The business model of the payments industry has come within the sights of technology start-ups in Silicon Valley. One reason is the extremely wide profit margins earned by the likes of Visa (V). Its operating margin last year was a staggering 65%, which leaves even companies as profitable as Google (GOOGL) (GOOG -0.17%) in the dust.
In this segment of Industry Focus: Financials, The Motley Fool's Gaby Lapera and John Maxfield discuss the competitive dynamics that underlie these highly favorable economics.
A transcript follows the video.
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This podcast was recorded on Feb. 29, 2016.
Gaby Lapera: AmEx, Visa, MasterCard, you're probably sitting there thinking, "Yeah, I've already heard of all these companies. These facts you're telling me are very interesting, but what are the opportunities here? Are there any opportunities for disruption? What are the competitive advantages of each relative company?" That's probably, I hope, what you're thinking, because that's what we're going to talk about next. (laughs)
John Maxfield: Yeah, and just to tee up this conversation, let me put all this in perspective. Visa's operating margin, which is basically their revenue minus all their operating expenses, is 65%. Now, when you think in your head, is 65% good or bad, well, let's compare it to another company that probably has really, really good margins. Let's compare it to Google. Google's operating margin is 27%. OK? So, again, Visa's operating margin is 65%. Google, which, according to Charlie Munger, probably has the greatest competitive moat of any company of all time, their operating margin is 27%. So, this just goes to show how powerful of a position these three companies, Visa, American Express, and MasterCard have in that market.
Lapera: Yeah, and it's easy for them. One, they have this huge amount of market share. But it's also easy for them to have such a large operating margin, because it's not like it's a high cost for them to provide the services. Once you have the infrastructure in place, they can make bank, which is what they're doing.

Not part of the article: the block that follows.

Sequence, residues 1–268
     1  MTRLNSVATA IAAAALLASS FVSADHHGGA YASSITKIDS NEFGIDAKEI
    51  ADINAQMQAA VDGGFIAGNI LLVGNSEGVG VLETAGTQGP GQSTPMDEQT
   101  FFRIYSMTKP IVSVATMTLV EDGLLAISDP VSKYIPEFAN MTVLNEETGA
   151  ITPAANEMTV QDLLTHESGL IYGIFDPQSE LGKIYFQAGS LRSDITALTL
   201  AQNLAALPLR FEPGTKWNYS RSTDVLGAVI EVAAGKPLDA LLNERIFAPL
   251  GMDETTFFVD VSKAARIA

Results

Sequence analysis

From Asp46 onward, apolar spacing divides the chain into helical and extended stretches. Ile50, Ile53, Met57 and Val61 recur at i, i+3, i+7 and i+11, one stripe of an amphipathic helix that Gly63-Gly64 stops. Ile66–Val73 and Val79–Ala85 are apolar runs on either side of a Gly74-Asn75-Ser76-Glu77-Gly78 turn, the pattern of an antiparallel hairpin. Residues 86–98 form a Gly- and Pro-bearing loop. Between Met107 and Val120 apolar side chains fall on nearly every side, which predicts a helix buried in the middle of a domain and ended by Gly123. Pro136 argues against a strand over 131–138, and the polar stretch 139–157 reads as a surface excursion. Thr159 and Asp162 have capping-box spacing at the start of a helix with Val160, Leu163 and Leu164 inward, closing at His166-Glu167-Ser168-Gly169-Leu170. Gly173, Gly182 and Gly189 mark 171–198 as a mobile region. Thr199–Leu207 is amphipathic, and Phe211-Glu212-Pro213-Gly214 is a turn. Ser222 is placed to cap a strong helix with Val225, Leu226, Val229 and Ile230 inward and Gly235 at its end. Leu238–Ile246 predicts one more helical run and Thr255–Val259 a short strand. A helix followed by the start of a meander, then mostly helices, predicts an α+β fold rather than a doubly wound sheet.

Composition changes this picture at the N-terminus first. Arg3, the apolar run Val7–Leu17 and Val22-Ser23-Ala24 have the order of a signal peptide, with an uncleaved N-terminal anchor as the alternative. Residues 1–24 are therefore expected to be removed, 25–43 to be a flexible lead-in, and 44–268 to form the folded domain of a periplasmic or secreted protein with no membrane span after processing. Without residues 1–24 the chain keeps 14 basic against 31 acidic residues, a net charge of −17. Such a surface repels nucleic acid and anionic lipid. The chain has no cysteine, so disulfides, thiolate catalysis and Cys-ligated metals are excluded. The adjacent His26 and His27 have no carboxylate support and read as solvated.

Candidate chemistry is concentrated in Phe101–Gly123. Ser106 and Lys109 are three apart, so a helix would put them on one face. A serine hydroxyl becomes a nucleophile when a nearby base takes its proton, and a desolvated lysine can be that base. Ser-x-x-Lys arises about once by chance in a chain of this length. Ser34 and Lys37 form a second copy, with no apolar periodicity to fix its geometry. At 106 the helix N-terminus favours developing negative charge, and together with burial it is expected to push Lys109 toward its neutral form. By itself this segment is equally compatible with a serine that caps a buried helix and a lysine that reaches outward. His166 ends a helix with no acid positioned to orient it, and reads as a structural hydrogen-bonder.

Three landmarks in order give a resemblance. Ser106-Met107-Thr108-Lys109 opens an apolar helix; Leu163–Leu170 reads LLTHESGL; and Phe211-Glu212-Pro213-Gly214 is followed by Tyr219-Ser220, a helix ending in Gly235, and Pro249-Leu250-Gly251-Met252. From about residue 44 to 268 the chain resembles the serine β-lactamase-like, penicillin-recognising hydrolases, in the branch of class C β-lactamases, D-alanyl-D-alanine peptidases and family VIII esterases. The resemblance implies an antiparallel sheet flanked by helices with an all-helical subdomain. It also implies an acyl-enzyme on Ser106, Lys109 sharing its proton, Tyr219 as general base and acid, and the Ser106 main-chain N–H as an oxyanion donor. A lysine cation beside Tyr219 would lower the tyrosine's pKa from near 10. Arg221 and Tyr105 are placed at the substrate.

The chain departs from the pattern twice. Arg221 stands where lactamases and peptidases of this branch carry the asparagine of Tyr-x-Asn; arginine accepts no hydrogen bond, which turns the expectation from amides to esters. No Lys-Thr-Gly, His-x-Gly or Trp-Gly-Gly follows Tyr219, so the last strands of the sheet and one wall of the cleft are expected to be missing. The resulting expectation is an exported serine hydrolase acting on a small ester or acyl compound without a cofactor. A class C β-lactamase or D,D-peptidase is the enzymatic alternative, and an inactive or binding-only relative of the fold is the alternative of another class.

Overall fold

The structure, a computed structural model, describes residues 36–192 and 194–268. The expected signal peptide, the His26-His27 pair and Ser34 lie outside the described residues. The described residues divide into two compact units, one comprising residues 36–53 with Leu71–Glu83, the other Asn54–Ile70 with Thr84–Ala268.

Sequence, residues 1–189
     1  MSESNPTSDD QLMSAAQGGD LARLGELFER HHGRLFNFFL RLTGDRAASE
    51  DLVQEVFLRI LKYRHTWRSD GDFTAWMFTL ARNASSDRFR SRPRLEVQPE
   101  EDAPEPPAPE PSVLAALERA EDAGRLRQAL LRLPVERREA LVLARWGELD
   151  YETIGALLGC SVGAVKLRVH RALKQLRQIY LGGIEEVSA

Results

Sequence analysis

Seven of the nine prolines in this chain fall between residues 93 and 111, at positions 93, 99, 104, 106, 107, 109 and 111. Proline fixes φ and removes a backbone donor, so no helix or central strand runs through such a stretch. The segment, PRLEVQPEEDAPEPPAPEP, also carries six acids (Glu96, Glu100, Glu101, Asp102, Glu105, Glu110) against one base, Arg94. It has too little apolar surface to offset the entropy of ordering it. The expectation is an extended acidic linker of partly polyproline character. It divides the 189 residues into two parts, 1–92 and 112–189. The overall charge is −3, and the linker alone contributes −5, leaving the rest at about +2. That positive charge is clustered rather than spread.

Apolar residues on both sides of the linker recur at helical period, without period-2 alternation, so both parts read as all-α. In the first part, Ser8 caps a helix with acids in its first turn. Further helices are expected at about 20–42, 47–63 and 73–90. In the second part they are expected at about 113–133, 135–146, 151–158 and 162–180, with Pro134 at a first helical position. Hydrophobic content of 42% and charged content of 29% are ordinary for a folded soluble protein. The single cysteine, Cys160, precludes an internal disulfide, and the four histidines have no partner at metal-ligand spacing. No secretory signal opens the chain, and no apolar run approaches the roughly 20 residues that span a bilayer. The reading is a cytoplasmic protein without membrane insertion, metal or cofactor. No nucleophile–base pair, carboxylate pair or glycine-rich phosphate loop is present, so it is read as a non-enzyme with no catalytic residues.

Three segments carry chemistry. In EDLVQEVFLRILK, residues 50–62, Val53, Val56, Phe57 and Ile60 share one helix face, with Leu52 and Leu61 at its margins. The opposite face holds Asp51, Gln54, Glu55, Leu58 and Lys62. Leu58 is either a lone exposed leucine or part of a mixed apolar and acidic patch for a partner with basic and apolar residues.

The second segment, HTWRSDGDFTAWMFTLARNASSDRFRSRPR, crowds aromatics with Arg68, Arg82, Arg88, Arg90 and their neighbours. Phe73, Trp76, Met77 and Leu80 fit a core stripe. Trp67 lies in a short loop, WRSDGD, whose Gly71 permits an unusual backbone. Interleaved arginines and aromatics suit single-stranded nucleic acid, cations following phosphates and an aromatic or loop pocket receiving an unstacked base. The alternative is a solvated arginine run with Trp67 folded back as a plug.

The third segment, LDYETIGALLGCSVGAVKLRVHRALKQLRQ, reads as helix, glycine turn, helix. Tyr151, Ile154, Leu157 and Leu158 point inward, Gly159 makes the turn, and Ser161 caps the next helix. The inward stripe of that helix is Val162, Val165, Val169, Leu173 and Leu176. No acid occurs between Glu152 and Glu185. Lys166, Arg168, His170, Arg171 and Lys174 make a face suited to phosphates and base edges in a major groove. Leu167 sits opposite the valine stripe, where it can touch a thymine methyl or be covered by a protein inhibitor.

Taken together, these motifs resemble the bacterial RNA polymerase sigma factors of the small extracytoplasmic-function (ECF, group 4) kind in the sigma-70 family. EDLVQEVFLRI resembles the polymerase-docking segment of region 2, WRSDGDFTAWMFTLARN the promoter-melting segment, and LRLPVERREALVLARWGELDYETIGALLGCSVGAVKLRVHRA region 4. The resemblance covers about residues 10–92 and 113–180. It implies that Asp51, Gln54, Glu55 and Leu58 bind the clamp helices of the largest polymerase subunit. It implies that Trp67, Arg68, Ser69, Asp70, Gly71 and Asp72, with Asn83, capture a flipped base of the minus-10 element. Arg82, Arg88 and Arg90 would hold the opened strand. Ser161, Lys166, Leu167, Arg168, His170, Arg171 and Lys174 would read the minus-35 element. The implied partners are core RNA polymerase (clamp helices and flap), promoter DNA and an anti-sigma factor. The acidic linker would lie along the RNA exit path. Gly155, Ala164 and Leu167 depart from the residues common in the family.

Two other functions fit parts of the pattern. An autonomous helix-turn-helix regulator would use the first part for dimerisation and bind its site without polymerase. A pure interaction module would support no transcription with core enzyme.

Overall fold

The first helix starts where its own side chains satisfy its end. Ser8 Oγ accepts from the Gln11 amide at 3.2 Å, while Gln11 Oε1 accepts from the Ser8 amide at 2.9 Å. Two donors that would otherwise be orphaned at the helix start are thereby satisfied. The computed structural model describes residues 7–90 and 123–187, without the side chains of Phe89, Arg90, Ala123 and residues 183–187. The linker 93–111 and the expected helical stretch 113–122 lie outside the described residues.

Maxfield: That's right, and a really good lesson here is that, it's almost like a software company. Once you've made the software -- in Visa's case, once you've established that infrastructure -- then it's just a matter of scaling. So, if you can scale up to $1 trillion worth of payments as opposed to $100 billion, or, $4.7 trillion, you're just going to make a lot more money, but your expenses aren't going to racket up very quickly at all.
Lapera: Right, they're not going to rise at the same rate as the amount of money that you're bringing in, which is huge for Visa.
Lapera: And this is actually one of the competitive advantages that Visa and AmEx and MasterCard do have, is that they do have these established infrastructure networks.
Maxfield: Right. I mean, you know, when you think about competitive advantage, the network effect is the one that really comes to mind with these companies. They already have all of these merchants tied into it, they already have the big banks tied into it. So, they have those relationships and those networks that just make it easy. Because what Visa really does is it provides clearing and settlement services. And that requires people on both sides of the transaction to trust the person that's providing that service. And Visa has established that. So, that network effect is clearly very, very powerful when you consider how wide that margin is, and thus, how seemingly prone to disruption this industry is, but yet, this fact that it's still not been disrupted.